This post is autonomous but can be seen as a complement to my previous post technology & organization. I treat here the dynamic aspect of the relation between technology & organization in industrial companies.

Changing from unit towards mass production:

When you compare companies across industries, it can be difficult to use the same factors. Offices & roles tend to be different yet labor & cost structures, firms’ development, and training policies can be analyzed. Furthermore, technical variables can be used such as density, flexibility & diversity of production, operations’ timespan, and initiation & control of programs.


As for understanding if a business is healthy & successful; one must look at the state of the industry itself, the position of the company within its own industry, its business development rate (people & plant), share price, and other factors like reputation or top management salaries.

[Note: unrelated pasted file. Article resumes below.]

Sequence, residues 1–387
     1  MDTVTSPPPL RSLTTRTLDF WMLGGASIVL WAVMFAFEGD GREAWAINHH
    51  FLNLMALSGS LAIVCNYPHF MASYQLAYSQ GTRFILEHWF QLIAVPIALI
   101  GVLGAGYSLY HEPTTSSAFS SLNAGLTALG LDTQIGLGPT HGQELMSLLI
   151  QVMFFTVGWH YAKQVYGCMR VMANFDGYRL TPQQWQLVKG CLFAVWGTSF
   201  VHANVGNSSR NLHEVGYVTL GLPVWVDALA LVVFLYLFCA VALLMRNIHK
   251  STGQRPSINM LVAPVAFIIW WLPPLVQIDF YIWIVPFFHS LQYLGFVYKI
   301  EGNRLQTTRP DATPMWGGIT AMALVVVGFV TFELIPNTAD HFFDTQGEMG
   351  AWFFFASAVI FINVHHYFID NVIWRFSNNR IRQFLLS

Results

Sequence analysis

The shift from unit to mass production means the ways of interacting evolve: where communication was rather

intra-functional, with superiors & subordinates, communication becomes more inter-functionally oriented, with other departments.

The change puts a heavy pressure on the production group as its network gets more complicated as production administration becomes split from operations supervision. Furthermore, due to the evolution of production methods, the amount & complexity of paperwork increases. As a result, production managers feel soon overloaded by more reporting & network activities and with less time to do them.

Subsequently, communication between production with marketing & development activities shrink as well